I have written this book primarily for two sorts of reader, both of whom love the adventure of thinking about religion and neither of whom is an academic specialist.
The first is a non-Christian, non-Jewish and possibly non-religious person who is currently exploring spirituality in the pagan or New Age areas. This reader is offered an opportunity to cast a radical but sympathetic eye over one of the key sets of sacred writings of the ancient world, and to find many traces of the old gods of paganism hiding in unexpected places within its pages.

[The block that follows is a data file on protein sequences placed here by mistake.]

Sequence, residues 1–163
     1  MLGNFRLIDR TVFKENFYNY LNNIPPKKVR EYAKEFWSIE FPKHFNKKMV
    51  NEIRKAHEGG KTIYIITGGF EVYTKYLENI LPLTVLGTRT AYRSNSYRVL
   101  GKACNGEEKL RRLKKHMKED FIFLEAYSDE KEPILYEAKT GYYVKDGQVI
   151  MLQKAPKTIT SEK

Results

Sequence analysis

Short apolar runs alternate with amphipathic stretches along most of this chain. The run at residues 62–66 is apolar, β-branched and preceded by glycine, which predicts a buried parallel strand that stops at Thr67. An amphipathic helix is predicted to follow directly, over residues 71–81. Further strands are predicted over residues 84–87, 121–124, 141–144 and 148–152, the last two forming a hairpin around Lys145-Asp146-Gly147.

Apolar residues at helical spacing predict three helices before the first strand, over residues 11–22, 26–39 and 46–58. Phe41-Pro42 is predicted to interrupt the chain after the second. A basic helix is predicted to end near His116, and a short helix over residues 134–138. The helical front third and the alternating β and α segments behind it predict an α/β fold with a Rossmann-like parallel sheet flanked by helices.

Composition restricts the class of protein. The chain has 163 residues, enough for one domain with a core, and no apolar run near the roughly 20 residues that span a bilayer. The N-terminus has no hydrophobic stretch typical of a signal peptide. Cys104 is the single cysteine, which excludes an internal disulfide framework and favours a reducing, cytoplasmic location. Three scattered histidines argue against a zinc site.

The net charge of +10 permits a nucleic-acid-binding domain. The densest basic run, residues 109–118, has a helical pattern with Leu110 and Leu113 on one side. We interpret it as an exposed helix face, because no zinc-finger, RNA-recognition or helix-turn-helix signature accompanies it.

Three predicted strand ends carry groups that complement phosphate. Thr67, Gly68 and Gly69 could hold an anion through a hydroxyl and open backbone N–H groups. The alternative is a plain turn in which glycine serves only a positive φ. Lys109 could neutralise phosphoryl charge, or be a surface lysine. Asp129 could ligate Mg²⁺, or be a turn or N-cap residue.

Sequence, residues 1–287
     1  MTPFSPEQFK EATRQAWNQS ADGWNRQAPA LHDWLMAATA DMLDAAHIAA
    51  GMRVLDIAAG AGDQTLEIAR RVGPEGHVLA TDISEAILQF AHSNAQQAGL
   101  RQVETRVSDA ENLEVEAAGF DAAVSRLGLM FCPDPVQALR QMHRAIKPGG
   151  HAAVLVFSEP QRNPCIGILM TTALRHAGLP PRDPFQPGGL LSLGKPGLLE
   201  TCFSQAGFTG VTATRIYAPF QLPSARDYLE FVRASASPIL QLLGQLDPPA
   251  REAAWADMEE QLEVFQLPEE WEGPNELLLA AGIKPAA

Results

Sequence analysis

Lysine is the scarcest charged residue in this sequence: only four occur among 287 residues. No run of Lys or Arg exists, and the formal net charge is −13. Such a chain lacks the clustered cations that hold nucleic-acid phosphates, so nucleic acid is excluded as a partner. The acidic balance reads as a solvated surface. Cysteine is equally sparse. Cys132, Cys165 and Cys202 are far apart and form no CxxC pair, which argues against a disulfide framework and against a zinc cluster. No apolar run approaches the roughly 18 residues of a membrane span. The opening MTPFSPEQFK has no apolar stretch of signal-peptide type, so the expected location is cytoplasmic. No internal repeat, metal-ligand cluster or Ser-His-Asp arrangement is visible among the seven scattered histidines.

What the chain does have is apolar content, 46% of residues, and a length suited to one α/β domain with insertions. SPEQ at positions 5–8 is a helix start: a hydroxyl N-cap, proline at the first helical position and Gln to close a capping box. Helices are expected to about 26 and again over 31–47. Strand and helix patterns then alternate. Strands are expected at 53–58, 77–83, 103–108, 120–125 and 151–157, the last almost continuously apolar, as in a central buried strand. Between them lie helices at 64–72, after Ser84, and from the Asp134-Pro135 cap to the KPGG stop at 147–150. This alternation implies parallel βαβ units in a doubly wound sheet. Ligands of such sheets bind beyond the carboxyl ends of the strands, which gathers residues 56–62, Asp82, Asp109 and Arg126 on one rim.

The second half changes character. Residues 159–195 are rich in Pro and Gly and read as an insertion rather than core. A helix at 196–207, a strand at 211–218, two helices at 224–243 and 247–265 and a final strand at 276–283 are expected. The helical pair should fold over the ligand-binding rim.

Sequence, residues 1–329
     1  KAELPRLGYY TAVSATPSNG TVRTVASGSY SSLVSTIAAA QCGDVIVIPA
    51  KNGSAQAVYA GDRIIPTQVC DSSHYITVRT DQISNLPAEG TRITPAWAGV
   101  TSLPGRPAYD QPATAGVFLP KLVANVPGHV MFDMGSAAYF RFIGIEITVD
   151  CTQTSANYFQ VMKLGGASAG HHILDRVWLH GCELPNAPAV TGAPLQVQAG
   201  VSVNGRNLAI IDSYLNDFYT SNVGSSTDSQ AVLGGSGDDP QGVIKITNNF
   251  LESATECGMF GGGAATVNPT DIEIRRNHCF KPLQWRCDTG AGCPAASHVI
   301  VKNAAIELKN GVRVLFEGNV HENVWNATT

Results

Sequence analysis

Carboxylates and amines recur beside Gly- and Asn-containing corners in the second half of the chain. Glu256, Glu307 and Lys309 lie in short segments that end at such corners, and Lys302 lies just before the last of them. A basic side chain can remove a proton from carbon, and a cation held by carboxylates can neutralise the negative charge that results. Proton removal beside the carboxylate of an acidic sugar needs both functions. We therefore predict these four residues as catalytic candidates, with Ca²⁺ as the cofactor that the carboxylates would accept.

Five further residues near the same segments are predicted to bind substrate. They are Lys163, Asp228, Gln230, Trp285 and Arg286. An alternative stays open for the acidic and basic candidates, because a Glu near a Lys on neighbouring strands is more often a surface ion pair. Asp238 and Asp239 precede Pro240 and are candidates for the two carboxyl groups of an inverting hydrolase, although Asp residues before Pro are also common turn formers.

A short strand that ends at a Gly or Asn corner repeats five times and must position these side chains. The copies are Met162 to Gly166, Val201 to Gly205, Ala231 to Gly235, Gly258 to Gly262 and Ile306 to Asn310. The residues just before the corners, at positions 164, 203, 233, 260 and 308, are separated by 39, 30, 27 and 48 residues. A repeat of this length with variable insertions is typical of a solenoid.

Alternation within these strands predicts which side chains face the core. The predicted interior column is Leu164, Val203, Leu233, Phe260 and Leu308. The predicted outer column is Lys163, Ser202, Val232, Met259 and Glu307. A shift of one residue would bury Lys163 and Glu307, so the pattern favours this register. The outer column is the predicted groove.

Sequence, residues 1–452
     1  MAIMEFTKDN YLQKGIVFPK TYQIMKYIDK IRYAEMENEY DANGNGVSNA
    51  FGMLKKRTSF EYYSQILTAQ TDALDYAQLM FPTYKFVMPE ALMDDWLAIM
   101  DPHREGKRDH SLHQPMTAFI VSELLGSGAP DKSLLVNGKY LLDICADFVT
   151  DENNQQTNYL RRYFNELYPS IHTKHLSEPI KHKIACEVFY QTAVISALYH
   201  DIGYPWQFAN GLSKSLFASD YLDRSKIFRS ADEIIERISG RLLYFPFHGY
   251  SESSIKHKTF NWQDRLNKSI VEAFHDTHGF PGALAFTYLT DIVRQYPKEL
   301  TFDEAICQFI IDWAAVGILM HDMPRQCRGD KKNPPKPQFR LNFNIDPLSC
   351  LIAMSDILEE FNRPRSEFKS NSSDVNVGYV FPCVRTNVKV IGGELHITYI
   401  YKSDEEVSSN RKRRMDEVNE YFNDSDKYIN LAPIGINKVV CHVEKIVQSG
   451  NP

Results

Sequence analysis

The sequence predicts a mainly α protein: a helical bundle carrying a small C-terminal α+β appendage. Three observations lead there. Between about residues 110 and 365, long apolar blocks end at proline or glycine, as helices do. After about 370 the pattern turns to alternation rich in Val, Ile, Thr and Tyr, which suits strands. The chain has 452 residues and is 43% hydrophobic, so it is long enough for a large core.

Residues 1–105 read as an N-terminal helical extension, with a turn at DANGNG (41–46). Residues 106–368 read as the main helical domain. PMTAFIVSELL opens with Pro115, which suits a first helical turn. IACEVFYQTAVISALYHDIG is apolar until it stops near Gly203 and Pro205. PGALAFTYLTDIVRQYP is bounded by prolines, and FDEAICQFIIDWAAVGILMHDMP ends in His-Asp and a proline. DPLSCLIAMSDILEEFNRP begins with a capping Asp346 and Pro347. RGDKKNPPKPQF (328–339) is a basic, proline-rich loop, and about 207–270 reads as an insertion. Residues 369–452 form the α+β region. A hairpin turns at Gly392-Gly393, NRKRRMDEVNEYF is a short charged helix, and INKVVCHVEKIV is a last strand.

The second is a modern Christian or Jew, but one who is dissatisfied with conservative and fundamentalist readings of the Bible or Tanakh. This reader is offered an approach based firmly upon Old Testament studies as it has developed in western universities over the last 130 years. It does not assume that the sacred writings are "right", and does not try to show that they are consistent with modern versions of monotheistic faith. But then neither is the approach hostile. It traces the evolution of religious ideas in the period from 1500 to 500 BCE in a way which I hope will be stimulating and challenging.